Emanuel Steward, famed boxing trainer, dies at 68 | A.M. Briefing
Emanuel Steward, earnest yet easygoing, proved rough and tough wasn't the only way to win in boxing. With a twinkle in his eyes, a smile...
Emanuel Steward, famed boxing trainer, dies at 68
Emanuel Steward, earnest yet easygoing, proved rough and tough wasn't the only way to win in boxing.
With a twinkle in his eyes, a smile on his face and a soothing voice, Steward developed unique bonds in and out of the ring with a long line of champions that included Thomas Hearns, Lennox Lewis, Oscar De La Hoya and Wladimir Klitschko.
Steward, owner of the Kronk Gym in Detroit and an International Boxing Hall of Fame trainer, died Thursday. He was 68. His executive assistant, Victoria Kirton, said Steward died Thursday at a Chicago hospital. She didn't disclose the cause of death.
"It is not often that a person in any line of work gets a chance to work with a legend; well, I was privileged enough to work with one for almost a decade," Klitschko said Thursday. "I will miss our time together. The long talks about boxing, the world, and life itself. Most of all I will miss our friendship."
Steward, whose father was a coal miner and mother was a seamstress, was born in West Virginia. He got boxing gloves as a Christmas present at the age of 8, the start of what would become a long career in the sweet science.
His gym for years was seen as a way to keep kids out of trouble in southwestern Detroit.
Steward worked since 2001 as a boxing analyst for HBO. "He was the most loyal, generous, positive spirited, broadly accepting man I've ever known," HBO commentator Jim Lampley said. "He had a positive impact on everyone he encountered."
Tacoma's Putnam in lead
Tacoma native Michael Putnam tied for the first-round lead in the Web.com Tour Championship, shooting 6-under 65 in windy conditions in McKinney, Texas. Putnam is trying to earn a 2013 PGA Tour card with a top-25 finish.
Tiger rallies with five birdies
In other golf action Thursday, Tiger Woods rallied, making five birdies on the back nine for a 5-under 66 that left him three strokes behind leader Troy Matteson in the CIMB Classic in Kuala Lumpur, Malaysia. Matteson had eight birdies in his 63 to take a one-stroke lead over fellow Americans Jeff Overton, Brian Harman and Robert Garrigus.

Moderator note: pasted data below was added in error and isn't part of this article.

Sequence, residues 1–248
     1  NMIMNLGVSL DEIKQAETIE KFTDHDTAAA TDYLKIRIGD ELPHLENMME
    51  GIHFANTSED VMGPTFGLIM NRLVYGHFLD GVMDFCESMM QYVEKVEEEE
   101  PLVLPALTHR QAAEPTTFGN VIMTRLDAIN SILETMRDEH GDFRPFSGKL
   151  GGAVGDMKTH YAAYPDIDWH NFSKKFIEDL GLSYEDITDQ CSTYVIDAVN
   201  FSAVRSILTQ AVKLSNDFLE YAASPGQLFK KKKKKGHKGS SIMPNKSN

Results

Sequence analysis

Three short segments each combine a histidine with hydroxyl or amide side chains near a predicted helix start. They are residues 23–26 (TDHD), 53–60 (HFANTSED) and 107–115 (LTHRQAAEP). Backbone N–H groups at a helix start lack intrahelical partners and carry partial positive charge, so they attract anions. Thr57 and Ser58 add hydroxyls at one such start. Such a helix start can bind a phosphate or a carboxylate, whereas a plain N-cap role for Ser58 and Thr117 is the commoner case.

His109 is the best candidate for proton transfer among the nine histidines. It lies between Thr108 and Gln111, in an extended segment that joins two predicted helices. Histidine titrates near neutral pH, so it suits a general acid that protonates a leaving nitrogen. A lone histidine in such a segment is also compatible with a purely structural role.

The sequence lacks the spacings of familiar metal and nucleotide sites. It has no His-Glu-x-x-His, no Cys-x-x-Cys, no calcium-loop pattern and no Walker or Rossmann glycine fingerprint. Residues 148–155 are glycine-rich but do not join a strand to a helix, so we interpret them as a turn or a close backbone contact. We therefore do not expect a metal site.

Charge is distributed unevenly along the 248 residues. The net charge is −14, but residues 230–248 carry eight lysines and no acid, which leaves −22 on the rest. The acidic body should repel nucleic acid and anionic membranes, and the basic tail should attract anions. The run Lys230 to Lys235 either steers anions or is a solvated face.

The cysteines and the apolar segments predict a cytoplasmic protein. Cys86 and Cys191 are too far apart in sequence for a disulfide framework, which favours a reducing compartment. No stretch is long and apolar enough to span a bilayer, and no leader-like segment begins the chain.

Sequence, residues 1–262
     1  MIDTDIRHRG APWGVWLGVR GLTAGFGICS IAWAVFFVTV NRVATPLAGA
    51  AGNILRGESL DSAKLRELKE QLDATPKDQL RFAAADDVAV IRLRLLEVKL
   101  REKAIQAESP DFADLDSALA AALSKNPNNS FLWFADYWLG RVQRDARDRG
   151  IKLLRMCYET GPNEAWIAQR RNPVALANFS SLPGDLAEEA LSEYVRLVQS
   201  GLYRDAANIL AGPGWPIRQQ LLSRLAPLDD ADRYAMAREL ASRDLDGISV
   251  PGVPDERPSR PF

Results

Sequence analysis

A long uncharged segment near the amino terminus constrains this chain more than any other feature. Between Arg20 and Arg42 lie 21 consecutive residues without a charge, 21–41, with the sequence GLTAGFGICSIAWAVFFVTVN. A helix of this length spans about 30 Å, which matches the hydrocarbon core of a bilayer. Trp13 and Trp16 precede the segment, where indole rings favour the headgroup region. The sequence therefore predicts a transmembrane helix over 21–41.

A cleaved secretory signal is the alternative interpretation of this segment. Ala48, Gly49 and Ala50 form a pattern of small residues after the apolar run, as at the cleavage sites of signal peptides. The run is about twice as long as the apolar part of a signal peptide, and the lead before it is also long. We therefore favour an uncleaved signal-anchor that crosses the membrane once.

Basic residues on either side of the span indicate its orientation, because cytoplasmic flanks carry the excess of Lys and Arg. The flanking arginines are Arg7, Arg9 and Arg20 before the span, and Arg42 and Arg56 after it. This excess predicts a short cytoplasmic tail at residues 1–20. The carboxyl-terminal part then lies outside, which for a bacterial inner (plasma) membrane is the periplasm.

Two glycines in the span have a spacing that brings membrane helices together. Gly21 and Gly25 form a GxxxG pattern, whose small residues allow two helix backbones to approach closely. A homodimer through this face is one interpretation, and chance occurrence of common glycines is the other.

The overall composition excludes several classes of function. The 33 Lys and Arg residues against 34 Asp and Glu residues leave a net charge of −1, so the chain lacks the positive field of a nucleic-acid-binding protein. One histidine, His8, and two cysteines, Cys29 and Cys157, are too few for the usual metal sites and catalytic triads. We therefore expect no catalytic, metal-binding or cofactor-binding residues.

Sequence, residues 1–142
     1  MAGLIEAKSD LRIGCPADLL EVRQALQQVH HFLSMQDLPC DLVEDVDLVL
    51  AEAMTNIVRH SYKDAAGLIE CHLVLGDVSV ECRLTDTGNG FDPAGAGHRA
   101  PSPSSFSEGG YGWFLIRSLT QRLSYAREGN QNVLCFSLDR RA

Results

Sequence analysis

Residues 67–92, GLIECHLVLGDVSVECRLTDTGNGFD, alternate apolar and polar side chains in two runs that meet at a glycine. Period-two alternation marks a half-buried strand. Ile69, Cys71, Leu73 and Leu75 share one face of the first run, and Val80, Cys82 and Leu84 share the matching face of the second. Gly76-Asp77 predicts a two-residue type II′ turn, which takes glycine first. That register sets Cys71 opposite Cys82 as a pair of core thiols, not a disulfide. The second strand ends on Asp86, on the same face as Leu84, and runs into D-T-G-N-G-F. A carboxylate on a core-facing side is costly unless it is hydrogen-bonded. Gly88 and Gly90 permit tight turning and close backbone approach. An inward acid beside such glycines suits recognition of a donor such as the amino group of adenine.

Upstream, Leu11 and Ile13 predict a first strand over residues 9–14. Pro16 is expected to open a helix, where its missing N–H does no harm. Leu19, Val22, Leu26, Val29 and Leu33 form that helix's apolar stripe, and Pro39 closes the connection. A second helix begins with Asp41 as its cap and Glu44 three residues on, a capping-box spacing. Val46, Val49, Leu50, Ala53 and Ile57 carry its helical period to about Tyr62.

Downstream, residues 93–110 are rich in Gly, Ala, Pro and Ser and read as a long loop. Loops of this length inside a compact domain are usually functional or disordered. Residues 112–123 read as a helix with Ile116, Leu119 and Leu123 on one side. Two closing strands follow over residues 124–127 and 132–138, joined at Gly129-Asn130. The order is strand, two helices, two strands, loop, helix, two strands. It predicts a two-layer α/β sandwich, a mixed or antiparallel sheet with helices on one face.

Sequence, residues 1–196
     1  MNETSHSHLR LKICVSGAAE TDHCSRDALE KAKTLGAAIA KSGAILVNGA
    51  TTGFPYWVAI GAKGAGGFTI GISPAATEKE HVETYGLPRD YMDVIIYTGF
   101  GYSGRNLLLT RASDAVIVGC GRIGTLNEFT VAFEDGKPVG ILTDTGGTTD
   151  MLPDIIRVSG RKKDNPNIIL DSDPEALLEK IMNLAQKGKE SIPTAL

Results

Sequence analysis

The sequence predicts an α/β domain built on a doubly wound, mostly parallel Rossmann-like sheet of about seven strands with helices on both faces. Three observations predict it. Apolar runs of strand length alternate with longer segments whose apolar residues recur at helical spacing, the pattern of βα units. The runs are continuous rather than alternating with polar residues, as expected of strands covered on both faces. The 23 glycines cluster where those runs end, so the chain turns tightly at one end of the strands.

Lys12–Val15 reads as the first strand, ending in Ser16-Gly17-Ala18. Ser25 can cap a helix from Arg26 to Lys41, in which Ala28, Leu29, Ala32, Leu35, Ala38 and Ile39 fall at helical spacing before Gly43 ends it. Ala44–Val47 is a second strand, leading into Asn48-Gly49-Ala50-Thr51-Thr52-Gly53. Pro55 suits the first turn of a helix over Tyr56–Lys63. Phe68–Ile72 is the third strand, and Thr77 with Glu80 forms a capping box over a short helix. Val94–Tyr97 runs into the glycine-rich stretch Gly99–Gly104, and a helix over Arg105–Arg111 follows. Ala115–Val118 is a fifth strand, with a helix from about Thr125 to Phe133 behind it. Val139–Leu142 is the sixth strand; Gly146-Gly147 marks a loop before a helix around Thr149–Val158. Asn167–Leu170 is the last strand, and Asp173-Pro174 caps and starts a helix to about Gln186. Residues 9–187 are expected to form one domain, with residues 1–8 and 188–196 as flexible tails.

• Wales' Jamie Donaldson shot a course-record 10-under 62 to take a four-stroke lead after the first round in the European Tour's BMW Masters in Shanghai. Top-ranked Rory McIlroy, the defending champion, had a 67 and blamed a headache on the air pollution in China.
• South Korea's Inbee Park shot a 7-under 65 to take a two-stroke lead over top-ranked Yani Tseng after the first round of the LPGA Taiwan Championship.
All quiet as deadline for full NHL season arrives
The NHL's deadline for playing a full, 82-game season arrived Thursday with no new discussions between the league and its locked-out players. Without a new collective bargaining agreement that would end the league's lockout of players on its 40th day, the NHL vowed to cut the season short. Major moneymaking events such as the upcoming outdoor Winter Classic and the All-Star Game could soon be in peril, too. The league has already canceled 135 scheduled games.
President Barack Obama is hoping the lockout ends soon. While on NBC's "Tonight Show" with Jay Leno on Wednesday, he was asked if he could pull any strings to coax an agreement.
"Every time these things happen I just want to remind the owners and the players: You guys make money because you've got a whole bunch of fans out there who are working really hard — they buy tickets, they're watching on TV," he said. "You all should be able to figure this out. Get this done."
The league had proposed a 50-50 split in revenues.
Margaret duPont dies at 94
Margaret Osborne duPont, the winner of more than 30 Grand Slam singles and doubles titles spanning three decades, has died, She was 94. DuPont died late Wednesday in El Paso, Texas, while in hospice care.
DuPont won the singles title at Wimbledon in 1947, the U.S. National Championship (now the U.S. Open) singles title from 1948 to 1950 and the French singles title in 1946 and 1948.
• Rafael Nadal has pulled out of next month's season-ending World Tour Finals because of an ongoing left knee injury. The Spaniard hasn't played since June.
• Serena Williams extended her dominance over the top-ranked player in the world on Thursday, defeating Victoria Azarenka 6-4, 6-4 at the WTA Championships in Istanbul. Despite the loss, Azarenka can secure the year's No. 1 position with another victory in the round-robin tournament, which features the top eight players.
• Former American rider Bobby Julich says he used banned drugs during the late 1990s when he finished third in the Tour de France, forcing him Thursday to leave his Team Sky coaching job.
• Lolo Jones, a two-time Olympic hurdler, was one of 24 athletes announced Thursday as members of this season's U.S. bobsled team, something that gives her the chance to vie for a spot on the World Cup circuit this winter and, possibly, represent her country at the 2014 Sochi Games. "This is a breath of fresh air — cool, very cool, cold air," Jones said.
• Bill Laimbeer is returning to the WNBA as the New York Liberty's general manager and coach. The former Detroit Pistons star led the Detroit Shock to three WNBA titles from 2002 to 2009.
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